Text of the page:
Uncommon python Dll-Wrapping and builtins & path hacks

Hello everybody.

Is there any particular reason for the uncommon Dll-2-Python panda implementation:* not containing python wrapper classes before connecting to the c-functionalities
* making functionalities and managers like “render, taskMgr, etc.” globally by inserting into the builtins space
* preparing the import path for “direct” modules by inserting into the path attribute (this attribute is unprovided for that … why so complicated?)
* providing an object-orientated architecture but enabling just a flat programmability? This uncommon ways of offering and (partly) wrapping DLL functionalities to python will blocks QA support-tools like PyLint and other language checker.

What’s wrong with implementing first empty python classes for all ‘to-wrapp’ components (as a kind of interface) and finishing then with loading/connect the Dlls and functionality wrapper?

(Besides reduction of effort :wink: )


Some people find it ugly, but it’s what makes panda so easy to use. If you don’t like it, subclass ShowBase (or make your own showbase equivalent class)

I agree. It sucks. There must be some reason for it though – but if there is none, I’ll get that fixed.

What the heck do you mean? Have you seen the list of classes:
Many of those are C++ implemented classes.

I don’t have a clue what you mean with the whole dll2python thing. I believe it’s done using the common way Python extensions are written - using its C API. The way you’re pointing at rather sounds to me like the uncommon way.
Panda’s auto-generated wrappers already work with native Python types and is already object oriented - why do so complicated and make empty Python classes?

That’s just my two cents, though I’m not an expert on this.

Thank you for such a quick answer pro-soft :slight_smile:

Mhm … maybe it makes panda easy to program … but its squeezing the object-orientated concept and power of python back into the corset of just being a simple procedural scripting-language. That’s not what van Rossum was meant for I think.

And that’s the fact. The C++ classes (the architecture of Panda3D) is a giagantic OOP construct. But take a look on the python side. The way you have to program with panda is not a quarter so ‘object orientated’ like the big C++ brother. You have to “script” python, instead of developing according the paradigm of OO. But why? Oh … jeah … because it’s easy.

You’ve suggested that I can subclass ShowBase. But in my opinion a pythonic tool has to provide this from scratch.

There are many reasons. First - other libraries do this also (wxPython, pywin32Extentions … there python classes are located for example in the PYD files). It’s not being written as a Python PEP but it has become a “pythonicâ€

I think that a deep rooted design error that sort of stuck. Its hard to change all the code now but you know, it makes stuff easy at the end so it kind of balances out.

There is organization to the masses. See here panda3d.org/manual/index.php/Class_Reference its just not presented this way. Oh and panda3d predates new style classes and i am not sure if it predates user defined classes.

And whats wrong with being easy? I also don’t get why you think panda3d is not OO, it has clases, it has proper hierarchy tree, it has proper OO design.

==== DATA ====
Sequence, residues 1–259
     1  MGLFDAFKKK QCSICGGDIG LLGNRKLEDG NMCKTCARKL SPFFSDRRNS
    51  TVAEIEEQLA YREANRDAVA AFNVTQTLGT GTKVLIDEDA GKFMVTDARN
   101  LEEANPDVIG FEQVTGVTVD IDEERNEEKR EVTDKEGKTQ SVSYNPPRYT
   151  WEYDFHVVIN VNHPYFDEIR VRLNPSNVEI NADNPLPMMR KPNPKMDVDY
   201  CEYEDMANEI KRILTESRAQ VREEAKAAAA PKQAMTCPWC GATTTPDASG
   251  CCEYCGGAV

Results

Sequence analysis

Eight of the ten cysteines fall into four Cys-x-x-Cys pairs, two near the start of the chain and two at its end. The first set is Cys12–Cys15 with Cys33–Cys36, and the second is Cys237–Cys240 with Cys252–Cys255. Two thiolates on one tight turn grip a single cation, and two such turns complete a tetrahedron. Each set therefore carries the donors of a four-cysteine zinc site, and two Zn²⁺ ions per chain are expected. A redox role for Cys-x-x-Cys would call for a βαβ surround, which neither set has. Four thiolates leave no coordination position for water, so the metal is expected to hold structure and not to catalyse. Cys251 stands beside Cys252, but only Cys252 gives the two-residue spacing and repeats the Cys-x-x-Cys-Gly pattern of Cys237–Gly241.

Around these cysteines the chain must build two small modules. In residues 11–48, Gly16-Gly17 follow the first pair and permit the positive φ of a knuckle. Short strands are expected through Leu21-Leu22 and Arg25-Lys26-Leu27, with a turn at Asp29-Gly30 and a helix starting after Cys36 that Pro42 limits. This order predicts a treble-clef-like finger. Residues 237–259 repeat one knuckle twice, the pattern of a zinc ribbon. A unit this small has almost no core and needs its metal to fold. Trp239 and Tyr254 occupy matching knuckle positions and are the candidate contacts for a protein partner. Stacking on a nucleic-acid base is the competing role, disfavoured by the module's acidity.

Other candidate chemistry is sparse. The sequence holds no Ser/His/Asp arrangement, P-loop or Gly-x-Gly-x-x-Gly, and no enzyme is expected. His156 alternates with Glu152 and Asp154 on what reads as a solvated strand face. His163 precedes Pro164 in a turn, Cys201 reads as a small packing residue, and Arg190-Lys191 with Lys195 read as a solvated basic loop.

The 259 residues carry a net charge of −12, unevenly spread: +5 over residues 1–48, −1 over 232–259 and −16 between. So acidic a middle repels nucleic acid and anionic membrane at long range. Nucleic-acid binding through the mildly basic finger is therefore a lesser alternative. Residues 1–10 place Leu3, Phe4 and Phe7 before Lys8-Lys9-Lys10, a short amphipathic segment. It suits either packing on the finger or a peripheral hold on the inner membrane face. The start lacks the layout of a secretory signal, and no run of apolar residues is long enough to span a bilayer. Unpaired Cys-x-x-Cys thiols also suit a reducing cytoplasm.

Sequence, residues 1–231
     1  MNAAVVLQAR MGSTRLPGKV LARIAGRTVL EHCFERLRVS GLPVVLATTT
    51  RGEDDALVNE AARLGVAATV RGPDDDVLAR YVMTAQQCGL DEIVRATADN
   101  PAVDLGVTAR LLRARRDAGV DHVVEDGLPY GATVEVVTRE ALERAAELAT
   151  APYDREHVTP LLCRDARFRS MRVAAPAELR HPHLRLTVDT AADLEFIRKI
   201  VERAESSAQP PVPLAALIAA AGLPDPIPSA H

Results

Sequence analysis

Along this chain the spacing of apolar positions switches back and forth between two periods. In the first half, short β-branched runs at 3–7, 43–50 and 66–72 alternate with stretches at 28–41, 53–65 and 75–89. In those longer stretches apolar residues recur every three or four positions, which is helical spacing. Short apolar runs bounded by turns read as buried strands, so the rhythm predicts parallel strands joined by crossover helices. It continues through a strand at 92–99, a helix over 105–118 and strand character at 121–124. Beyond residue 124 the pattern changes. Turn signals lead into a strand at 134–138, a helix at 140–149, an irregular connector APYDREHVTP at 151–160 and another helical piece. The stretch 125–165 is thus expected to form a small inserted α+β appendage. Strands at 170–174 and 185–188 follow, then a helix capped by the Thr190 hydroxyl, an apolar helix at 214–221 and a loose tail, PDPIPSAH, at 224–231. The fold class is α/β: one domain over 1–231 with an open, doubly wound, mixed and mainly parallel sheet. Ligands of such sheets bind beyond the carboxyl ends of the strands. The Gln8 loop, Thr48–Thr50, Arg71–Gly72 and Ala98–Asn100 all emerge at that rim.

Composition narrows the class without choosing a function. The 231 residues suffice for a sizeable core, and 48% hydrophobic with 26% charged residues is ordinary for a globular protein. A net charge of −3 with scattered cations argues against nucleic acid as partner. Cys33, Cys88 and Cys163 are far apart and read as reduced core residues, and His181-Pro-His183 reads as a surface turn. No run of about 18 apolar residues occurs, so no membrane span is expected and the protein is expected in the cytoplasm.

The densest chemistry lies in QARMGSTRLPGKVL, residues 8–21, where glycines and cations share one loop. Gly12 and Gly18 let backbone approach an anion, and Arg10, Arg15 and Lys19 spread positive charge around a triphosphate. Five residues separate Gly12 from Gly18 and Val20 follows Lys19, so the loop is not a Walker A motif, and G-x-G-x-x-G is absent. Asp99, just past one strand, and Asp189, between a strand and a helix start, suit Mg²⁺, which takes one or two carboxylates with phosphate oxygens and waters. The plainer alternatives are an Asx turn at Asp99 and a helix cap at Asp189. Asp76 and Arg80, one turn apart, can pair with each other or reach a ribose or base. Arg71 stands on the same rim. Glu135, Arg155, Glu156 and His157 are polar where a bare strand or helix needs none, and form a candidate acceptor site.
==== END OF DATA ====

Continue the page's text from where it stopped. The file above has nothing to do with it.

I think I understand you to mean that you would prefer the C++ classes to be wrapped by a true Python class, which internally redirects its method calls into the C++ class, instead of a C-implemented Python object, which directly presents the C++ methods as C-wrapped Python methods. This is indeed the way that wxPython et al wrap their C++ internals. And, in fact, it is also the way we wrapped the C++ internals in Panda3D 1.0 and earlier.

The reason we abandoned that system in favor of the current one is simple: performance. We get at least a 10% performance gain from having one fewer layer in the call stack. To me, that’s well worth the inconvenience of not being able to use tools like PyLint so easily.

This is another one of those poor early design decisions that’s hard to root out now. The poor design in question is that dratted “src” directory in the cvs tree, as in direct/src/showbase and so on. No one wants to “import direct.src.showbase”, so we hide that poor design by munging the path at startup. But the system is intended so that in a production environment, the Python files should be installed into the proper directory structure, e.g. direct/showbase and so on. I don’t think Josh ever got around to setting up the CMU distribution to do this, though, so even if you unpack the CMU distribution you still get the “src” directory and the path munging.

(The reason it’s especially hard to fix is that we have lots of other trees–more than just direct–in the VR Studio that all do it this same way.)

treeform hit the nail on the head here. No one loves this builtin slamming, no one claims it is elegant, but we’ve got it for now, and it turns out it’s not so bad. One of Python’s guiding precepts, in fact, has been to first build something useful, and only second worry about design principles. (In the VR Studio, we long ago abandoned Squeak in favor of Python, partly because Squeak wasn’t able to bend its design principles enough to give us a workable product.) Still, it has always been on my wish-list to write a replacement for ShowBase that doesn’t do all of this messy slamming. If you’re volunteering to do it now, it would be a welcome addition to the project.

I’m with the crowd here–I sure don’t see what you’re talking about on this point.


If I knew before there was no good reason to do it this way, it would have been fixed by now.
I’ll make sure this gets fixed for the upcoming 1.6.0.